The Birth of Jesus, Part IV. The Two Versions of the Birth Story
5 December 2012: Start the discussion! »
The familiar stories of Jesus’ miraculous birth entered the Christian tradition in two different forms, separated by perhaps a decade. The original narrative was written by a man we have named Matthew somewhere between 82-85. The later narrative was written by a man we call Luke somewhere between 89-93. The second story is by far …
Question & Answer
I wonder if you have ever thought abut producing a monthly homily for those of us weary to death of two hundred years of scripture scholarship being ignored in what we hear. Last week it was, “You are Peter...” and not one word about whether or not Jesus actually said it or even that the original building was to be of a polis. Some years ago I did this for some of my friends and posted them to me website at www.chartherineberrystidsen.org, but I do not have your expertise or pastoral experience. I’m a Catholic laywoman, now widowed, who took seriously the documents of Vatican II and trained to the PhD level to be one of those lay leaders who were to balance the clerical mind-set in decisions in my church. Of course, I have no forum to do so. Anyway, just a thought from a weary traveler in Christian country.
No, I haven’t thought about producing a monthly homily. I write this column once a week and that is all I can manage.
I also think a homily or a sermon is part of the life of a worshiping community and draws its strength and power from the common life of the worshipers. A sermon delivered by e-mail and read individually is not in my opinion an effective tool of communication.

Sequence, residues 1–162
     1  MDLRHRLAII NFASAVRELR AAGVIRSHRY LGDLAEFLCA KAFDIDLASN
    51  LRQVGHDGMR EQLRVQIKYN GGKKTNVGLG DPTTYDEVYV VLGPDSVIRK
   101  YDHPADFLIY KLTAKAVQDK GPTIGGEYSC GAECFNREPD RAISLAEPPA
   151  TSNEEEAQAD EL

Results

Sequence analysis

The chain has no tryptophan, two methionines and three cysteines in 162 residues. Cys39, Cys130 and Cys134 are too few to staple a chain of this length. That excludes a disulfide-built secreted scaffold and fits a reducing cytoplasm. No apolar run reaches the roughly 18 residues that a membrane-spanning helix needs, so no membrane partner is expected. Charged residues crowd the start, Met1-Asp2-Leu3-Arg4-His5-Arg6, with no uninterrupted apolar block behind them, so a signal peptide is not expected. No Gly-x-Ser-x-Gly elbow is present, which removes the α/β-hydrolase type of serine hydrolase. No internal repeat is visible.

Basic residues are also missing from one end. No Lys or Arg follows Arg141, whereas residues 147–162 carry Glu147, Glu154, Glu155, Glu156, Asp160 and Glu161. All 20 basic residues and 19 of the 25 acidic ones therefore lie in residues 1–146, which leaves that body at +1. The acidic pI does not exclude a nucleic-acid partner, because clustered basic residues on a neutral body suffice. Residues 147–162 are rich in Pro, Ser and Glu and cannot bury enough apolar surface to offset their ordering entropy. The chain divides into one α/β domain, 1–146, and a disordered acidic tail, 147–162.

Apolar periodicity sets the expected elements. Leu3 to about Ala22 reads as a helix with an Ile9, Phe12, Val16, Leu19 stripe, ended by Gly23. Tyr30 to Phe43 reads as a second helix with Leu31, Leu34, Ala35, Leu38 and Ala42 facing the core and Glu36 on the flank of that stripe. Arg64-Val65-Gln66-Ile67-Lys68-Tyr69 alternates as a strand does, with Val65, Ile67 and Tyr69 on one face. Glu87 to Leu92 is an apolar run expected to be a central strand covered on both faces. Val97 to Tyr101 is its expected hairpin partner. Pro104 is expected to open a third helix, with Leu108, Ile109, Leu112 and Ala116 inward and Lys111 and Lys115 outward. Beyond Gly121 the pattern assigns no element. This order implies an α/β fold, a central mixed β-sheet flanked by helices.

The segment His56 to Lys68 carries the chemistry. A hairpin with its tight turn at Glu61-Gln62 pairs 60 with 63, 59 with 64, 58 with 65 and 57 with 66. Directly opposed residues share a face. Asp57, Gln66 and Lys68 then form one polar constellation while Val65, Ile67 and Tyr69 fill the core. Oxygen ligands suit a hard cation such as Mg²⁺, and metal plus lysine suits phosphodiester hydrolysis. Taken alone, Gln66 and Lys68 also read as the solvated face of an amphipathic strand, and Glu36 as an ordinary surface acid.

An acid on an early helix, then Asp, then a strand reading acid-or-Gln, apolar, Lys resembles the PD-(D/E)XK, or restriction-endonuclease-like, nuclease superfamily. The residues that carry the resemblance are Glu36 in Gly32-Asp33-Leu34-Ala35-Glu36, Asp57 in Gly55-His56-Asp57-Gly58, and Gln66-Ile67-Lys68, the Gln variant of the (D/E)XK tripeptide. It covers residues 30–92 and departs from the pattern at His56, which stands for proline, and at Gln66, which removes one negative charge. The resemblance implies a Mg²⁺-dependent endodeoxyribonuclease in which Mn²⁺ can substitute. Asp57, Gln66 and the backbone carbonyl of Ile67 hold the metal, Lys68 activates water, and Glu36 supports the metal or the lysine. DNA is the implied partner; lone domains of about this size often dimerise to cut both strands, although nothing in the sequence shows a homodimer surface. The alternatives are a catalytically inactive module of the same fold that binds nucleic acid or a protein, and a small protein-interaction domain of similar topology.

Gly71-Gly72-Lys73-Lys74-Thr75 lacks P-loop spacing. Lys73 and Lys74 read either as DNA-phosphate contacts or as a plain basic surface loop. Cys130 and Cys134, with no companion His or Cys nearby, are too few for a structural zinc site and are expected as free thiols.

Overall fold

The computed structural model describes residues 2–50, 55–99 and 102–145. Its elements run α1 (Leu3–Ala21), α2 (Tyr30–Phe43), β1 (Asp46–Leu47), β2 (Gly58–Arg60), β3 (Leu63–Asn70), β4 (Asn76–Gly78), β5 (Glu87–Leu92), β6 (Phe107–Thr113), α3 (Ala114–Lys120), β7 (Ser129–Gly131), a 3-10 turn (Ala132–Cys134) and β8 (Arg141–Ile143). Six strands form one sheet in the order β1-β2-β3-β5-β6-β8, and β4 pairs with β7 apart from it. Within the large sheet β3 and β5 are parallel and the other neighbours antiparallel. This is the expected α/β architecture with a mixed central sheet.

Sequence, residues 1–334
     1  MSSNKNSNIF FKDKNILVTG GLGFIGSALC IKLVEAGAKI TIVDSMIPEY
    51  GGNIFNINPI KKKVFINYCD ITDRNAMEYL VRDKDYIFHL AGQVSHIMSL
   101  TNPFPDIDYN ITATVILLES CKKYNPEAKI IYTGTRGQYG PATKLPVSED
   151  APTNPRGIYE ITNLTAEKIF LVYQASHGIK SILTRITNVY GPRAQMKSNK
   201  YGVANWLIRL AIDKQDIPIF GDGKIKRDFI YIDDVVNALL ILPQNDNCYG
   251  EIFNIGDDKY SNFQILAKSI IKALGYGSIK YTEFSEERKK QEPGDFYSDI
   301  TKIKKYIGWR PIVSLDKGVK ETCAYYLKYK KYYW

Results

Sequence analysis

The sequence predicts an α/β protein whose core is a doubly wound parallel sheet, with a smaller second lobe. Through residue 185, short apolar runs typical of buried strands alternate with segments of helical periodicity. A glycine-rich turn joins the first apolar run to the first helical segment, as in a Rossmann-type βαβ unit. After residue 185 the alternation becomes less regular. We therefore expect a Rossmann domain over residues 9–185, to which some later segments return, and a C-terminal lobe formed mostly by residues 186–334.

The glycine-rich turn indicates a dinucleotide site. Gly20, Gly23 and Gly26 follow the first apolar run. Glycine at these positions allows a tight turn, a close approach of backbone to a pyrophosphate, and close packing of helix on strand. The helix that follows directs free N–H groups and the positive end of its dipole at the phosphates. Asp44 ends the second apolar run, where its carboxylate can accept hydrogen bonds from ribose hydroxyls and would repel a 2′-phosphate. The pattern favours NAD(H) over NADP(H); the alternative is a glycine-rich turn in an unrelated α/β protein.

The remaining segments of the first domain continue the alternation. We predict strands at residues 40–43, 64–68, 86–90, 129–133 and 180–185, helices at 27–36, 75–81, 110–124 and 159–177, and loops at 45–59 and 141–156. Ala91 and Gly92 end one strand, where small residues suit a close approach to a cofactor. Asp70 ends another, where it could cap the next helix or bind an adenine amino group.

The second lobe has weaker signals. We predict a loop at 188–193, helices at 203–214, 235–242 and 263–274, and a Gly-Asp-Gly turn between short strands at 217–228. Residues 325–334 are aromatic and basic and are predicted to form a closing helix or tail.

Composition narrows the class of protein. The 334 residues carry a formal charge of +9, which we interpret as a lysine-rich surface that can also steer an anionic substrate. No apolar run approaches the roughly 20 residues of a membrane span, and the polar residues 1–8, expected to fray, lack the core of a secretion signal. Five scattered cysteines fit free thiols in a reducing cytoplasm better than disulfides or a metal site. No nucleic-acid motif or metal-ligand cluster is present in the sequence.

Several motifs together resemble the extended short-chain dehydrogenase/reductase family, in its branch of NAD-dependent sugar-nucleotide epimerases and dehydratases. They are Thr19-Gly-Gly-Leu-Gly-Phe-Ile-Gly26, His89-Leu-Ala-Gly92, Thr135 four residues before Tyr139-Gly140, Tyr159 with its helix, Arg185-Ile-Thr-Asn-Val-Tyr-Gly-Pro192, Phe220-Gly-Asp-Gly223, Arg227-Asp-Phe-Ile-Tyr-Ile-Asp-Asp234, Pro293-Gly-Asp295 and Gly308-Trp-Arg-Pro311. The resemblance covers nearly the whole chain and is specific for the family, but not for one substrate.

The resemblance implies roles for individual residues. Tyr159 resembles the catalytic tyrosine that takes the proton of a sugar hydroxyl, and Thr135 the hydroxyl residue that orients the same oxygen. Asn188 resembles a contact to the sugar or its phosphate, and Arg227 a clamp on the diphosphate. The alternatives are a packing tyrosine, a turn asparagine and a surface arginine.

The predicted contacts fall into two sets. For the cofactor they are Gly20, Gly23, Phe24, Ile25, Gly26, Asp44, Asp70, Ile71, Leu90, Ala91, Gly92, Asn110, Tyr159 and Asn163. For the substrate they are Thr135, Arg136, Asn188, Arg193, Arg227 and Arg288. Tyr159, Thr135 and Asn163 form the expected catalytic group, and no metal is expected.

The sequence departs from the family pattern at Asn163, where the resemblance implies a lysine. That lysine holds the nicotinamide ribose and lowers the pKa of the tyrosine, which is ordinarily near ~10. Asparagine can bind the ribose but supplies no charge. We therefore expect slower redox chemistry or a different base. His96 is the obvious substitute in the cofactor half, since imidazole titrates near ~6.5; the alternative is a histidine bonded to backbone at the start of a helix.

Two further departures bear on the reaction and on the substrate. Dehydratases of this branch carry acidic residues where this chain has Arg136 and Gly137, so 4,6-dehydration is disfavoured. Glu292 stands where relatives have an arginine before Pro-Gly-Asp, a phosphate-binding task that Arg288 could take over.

I certainly share with you a despair over much that passes as preaching. I will never forget listening to two dreadful sermons in a row from two different preachers during the Christmas season on the innkeeper from Luke’s gospel. One suggested that the innkeeper was sensitive to Mary’s need for privacy given her near term condition. The other said the innkeeper was like his mother for whom there was always room for one more around the dinner table. The thing of interest to me was that there is no innkeeper in Luke’s Christmas narrative or anywhere else in the Bible. The innkeeper is the creation of pageant directors and myth makers.
I see this column largely in terms of being an online class in Bible study. My hope is that as biblical scholarship is improved, it will carry preaching with it.
Thanks for writing. For what it is worth, I personally I love listening to sermons as a worshiper in my parish church, St. Peter’s in Morristown, New Jersey. We have a great rector, a great associate and a great congregation.
~John Shelby Spong
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